Following the recent flooding across Redbridge, Bernice Butcher is keen to promote sensible use of our front gardens to reduce the flood risk, citing this good example on Derby Road, South Woodford. Photo by Geoff Wilkinson
Song lyrics have a habit of popping into my head, changing to fit my current preoccupations. So, ‘where have all the flowers gone?’ becomes ‘where have all the front gardens gone? Gone to driveways, every one’. Well, not quite true, but our front gardens are disappearing at an alarming rate. Oh, when will they ever learn?
The local deluge on 25 July, together with the recent announcement that the UK has the least biodiversity of any rich country, should be our wake-up call to stop concreting over surfaces.
Parking is at a premium these days and it must be very frustrating for residents when they can’t find a place to park near to their home. But do we really want to turn our leafy neighbourhood into a soulless concrete jungle, depriving birds, insects and other wildlife of their habitat and food source? And depriving ourselves of the well-being that we gain from nature? What’s the point of putting in planters and ‘parklets’ if we don’t retain the greenery we already have?
Because of the problem of flooding, you now need planning permission to build an impermeable hardstanding driveway over five square metres. This regulation seems weak, as it could enable driveways with minimal porosity and little or no greenery to go ahead unchecked. Extending the planning permission requirement to include all new driveways could help to encourage best practice.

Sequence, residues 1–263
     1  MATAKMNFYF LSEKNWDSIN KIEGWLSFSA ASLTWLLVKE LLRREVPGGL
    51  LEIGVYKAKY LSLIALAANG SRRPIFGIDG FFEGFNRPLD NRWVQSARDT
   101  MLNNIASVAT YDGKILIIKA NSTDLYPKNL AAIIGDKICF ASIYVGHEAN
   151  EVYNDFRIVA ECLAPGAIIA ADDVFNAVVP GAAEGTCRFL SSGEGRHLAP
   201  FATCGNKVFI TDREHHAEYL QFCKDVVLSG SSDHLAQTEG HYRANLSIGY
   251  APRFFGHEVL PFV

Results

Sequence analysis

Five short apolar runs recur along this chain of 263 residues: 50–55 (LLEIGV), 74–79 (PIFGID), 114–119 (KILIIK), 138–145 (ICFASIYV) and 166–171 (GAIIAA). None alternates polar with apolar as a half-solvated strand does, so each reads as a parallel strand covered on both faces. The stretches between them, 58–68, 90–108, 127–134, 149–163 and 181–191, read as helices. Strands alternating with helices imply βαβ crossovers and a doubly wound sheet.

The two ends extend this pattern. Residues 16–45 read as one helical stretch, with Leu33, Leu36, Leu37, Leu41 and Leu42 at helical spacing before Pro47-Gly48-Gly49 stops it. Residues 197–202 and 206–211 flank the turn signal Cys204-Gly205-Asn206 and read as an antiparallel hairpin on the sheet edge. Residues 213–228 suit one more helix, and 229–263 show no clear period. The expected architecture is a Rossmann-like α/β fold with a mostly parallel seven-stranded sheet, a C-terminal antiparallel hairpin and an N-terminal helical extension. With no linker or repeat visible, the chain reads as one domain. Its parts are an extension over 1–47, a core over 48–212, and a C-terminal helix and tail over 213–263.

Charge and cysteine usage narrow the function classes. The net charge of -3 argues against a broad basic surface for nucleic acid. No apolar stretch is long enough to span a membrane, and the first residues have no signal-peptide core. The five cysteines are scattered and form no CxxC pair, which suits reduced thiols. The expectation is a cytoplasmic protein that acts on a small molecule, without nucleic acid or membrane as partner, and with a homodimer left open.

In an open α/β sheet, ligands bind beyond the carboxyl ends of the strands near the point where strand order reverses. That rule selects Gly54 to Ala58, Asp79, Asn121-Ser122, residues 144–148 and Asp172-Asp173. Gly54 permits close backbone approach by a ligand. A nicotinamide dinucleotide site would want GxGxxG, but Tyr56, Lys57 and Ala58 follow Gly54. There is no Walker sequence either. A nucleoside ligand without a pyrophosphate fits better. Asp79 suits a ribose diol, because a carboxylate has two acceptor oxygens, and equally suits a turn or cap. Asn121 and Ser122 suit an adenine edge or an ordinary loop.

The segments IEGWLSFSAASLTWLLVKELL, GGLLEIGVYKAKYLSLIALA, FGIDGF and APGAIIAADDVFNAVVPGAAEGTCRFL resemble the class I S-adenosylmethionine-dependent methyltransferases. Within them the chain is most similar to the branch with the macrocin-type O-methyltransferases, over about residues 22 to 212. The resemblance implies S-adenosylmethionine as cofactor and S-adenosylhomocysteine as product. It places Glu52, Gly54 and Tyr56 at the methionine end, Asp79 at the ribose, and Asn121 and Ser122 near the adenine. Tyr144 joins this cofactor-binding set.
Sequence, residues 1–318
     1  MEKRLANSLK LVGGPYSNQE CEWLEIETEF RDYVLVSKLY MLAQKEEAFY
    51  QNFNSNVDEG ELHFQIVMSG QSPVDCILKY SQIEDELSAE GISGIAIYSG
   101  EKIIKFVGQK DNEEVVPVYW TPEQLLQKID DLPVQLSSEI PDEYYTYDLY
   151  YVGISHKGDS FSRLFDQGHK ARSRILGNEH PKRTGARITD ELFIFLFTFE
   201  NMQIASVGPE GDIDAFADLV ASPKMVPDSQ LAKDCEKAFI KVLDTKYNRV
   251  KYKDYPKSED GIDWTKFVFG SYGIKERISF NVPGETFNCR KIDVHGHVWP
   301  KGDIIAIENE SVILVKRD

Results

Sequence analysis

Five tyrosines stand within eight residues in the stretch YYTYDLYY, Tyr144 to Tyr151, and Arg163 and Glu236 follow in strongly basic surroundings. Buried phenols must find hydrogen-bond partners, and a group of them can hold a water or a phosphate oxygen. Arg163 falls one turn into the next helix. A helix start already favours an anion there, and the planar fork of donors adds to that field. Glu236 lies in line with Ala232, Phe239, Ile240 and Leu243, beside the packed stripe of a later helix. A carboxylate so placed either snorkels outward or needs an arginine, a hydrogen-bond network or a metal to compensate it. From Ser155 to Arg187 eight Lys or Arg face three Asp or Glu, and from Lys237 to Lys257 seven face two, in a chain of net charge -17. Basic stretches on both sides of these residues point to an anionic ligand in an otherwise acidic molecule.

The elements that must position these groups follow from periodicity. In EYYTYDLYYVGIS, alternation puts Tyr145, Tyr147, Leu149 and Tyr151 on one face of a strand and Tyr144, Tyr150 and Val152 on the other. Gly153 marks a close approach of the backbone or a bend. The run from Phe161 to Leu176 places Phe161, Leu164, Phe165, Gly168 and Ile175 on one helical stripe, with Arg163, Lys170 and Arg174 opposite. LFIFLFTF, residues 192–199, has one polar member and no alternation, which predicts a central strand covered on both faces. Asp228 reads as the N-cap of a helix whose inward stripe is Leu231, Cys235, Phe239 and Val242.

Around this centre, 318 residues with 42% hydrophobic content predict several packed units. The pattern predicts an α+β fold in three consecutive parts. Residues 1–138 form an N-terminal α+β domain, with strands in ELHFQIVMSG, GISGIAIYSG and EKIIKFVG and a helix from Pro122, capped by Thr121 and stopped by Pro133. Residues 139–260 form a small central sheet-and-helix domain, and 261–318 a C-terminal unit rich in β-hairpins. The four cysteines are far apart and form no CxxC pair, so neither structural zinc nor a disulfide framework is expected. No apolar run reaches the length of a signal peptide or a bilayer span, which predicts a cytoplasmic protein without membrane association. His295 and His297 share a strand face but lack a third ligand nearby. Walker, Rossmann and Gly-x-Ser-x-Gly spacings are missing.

As each front garden bites the dust (another song here), an on-street parking place also disappears with the dropped kerb. So, if you must have a new driveway, consider a creative compromise. The Environment Agency document Guidance on the Permeable Surfacing of Front Gardens illustrates a number of options, ranging from simple measures, such as having rain run off onto a border or lawn, to the use of porous asphalt and concrete, soakaways and permeable sub-bases. The same document also highlights the fact that drains in most urban areas were built many years ago and were not designed to cope with increased rainfall, even when unblocked! Paving front gardens adds to the problem. As the document explains, paving over one or two gardens may not seem to make a difference, but the combined effect of lots of people in a street doing this can increase the risk of flooding.
The photo here shows a front garden with a driveway in Derby Road. It’s a great example of what can be achieved. Rainwater from the drive runs into a soakaway, but crucially, the owners have made a conscious decision not to cover the whole garden. Instead, they have planted additional greenery; driveway and front garden in green harmony.
Let’s keep the floods at bay, preserving the character of our neighbourhood, keeping the birds and bees happy – maybe even re-wilding part of our existing drives. Let’s keep it green.
I’d rather be humming Sade’s Your Love is King than changing it to The Car is King!
To download the Environment Agency’s Guidance on the Permeable Surfacing of Front Gardens, visit swvg.co.uk/front